Welcome to European Tribune. It's gone a bit quiet around here these days, but it's still going.
Another invasive detail that has become accepted, is the English naming on the centers, on the shops and many items that have an easy translation.  The old "foreign is good" is alive and well in Spain.

Present all across Europe, and annoys me in any language. It is fashion, and a very shallow fashion. In my personal impression it is worst in Germany. The fashion, especially among the elite of managers, politicians and media types (in this order of decreasing severity), is not only to overuse English words (really silly when say when the German expression is much shorter), but to create new English words/word-combinations -- which then neither domestic customers nor US/British tourists understand... This Anglicism is sarcastically called not just by conservatives Neudeutsch (=New German).

But I saw some rather funny examples of foreign language (mis)use from the window near the Austrian/Hungarian border last week: "Guest haus" (Haus=house in German) or "KÁVÉHÁZSHOP" (kávéház = café house), "Jagd shop" (Jagd = hunting, should be Jagdladen or Jäger-Shop)...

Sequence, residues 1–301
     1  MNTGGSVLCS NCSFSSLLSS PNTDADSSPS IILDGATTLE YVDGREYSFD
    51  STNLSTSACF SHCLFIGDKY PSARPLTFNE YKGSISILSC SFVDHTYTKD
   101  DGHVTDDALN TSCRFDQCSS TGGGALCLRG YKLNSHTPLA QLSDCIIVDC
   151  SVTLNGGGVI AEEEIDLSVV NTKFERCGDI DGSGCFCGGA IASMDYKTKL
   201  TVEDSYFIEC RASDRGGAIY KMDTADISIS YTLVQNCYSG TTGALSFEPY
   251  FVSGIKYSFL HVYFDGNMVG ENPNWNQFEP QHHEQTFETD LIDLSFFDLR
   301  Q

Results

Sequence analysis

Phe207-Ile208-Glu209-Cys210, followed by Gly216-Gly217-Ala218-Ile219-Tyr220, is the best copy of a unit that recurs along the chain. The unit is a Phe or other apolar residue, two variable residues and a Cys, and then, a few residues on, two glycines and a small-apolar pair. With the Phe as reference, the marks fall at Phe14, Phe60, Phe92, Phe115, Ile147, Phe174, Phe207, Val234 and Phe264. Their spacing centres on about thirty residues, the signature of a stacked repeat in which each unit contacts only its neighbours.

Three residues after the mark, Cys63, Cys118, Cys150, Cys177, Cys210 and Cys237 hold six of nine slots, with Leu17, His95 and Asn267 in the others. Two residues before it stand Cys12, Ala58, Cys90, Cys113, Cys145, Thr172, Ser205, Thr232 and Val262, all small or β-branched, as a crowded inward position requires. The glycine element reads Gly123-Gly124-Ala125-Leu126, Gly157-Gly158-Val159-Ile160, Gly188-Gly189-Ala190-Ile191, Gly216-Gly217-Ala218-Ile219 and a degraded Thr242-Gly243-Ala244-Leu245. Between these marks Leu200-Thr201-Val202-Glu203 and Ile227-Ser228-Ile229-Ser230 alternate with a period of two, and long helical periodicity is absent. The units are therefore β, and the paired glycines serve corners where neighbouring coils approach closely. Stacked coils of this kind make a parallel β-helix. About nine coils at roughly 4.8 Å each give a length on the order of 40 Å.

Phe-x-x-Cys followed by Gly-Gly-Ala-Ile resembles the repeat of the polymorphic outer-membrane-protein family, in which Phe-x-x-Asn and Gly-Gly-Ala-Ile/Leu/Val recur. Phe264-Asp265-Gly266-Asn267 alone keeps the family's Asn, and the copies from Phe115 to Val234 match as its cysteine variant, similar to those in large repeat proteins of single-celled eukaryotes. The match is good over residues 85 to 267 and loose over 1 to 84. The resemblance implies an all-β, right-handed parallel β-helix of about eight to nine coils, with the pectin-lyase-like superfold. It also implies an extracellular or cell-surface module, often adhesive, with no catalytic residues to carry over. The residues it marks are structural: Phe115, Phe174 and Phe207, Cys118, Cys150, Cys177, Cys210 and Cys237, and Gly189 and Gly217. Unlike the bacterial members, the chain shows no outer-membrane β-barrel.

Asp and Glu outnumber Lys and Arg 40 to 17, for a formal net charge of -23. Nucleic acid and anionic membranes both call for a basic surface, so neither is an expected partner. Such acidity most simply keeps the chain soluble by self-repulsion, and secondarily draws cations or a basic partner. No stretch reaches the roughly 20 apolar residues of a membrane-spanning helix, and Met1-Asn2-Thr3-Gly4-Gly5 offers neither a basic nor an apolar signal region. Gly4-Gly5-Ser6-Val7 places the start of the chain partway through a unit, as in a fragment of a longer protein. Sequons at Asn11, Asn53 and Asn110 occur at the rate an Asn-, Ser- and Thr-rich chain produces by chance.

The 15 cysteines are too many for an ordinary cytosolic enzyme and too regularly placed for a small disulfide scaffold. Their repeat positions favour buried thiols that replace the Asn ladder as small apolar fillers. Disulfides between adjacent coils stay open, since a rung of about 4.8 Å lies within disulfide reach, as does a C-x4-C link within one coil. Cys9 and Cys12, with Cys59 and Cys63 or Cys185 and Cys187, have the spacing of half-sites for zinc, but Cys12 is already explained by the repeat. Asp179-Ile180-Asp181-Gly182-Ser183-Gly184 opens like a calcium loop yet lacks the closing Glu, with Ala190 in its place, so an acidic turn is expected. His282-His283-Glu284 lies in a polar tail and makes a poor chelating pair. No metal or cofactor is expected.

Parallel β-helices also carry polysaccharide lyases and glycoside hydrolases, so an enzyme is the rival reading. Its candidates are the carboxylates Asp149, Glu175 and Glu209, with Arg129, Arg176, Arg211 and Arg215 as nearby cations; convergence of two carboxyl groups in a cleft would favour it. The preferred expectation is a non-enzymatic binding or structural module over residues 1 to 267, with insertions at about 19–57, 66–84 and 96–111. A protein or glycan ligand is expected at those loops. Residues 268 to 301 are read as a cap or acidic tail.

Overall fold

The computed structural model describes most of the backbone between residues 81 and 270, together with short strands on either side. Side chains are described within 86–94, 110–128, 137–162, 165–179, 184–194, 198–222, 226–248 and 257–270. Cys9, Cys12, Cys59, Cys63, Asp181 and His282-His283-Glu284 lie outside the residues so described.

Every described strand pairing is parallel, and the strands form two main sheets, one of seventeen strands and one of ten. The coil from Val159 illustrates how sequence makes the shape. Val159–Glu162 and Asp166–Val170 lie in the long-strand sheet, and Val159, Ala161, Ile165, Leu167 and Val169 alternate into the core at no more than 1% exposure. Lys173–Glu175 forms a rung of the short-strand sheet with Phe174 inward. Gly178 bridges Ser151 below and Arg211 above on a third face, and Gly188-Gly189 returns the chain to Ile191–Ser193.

I politely refused the branded shopping bags and carried the stuff in my folding, reusable one because I will not provide free publicity, or bring more useless stuff home.  For decades now, I have had this aversion to wearing somebody else´s name on my person, and so far no brand has offered to pay me to wear it, either.

I share that aversion for clothes, but with bags it's different. When I got to then West Germany, I was surprised to see that people throw away shopping bags -- back home, the custom was (and for many people still is) to keep and re-use shopping bags. (Thus you see some rather worn-down bags on the street, and even more worn-down ones full of rubbish in rubbish containers, not sure that is that good a commercial-for-free :-) )

There isn´t a train, nor a bus in sight, because the public transit crowd would probably search for value....

Interesting. The malls in/around Budapest also focus on the lower classes -- in fact I have read tracts by upper-middle-class right-wingers connecting the stereotypic mall girl with plattenbau apartment blocks. The very first US-style mall was built on the edge of a plattenbau quarter, and some not already on mass transit routes paid to have such, in case of one even a tram line.

*Lunatic*, n.
One whose delusions are out of fashion.

by DoDo on Mon Mar 26th, 2007 at 03:44:32 AM EST

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